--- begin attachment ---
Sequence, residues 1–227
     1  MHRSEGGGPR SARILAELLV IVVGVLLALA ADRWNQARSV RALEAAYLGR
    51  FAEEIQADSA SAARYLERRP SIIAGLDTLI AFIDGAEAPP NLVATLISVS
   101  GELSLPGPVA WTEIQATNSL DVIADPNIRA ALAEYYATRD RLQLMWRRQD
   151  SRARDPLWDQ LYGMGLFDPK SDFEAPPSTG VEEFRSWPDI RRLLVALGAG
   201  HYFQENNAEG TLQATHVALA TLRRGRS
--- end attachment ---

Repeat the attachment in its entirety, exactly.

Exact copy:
Sequence, residues 1–227
     1  MHRSEGGGPR SARILAELLV IVVGVLLALA ADRWNQARSV RALEAAYLGR
    51  FAEEIQADSA SAARYLERRP SIIAGLDTLI AFIDGAEAPP NLVATLISVS
   101  GELSLPGPVA WTEIQATNSL DVIADPNIRA ALAEYYATRD RLQLMWRRQD
   151  SRARDPLWDQ LYGMGLFDPK SDFEAPPSTG VEEFRSWPDI RRLLVALGAG
   201  HYFQENNAEG TLQATHVALA TLRRGRS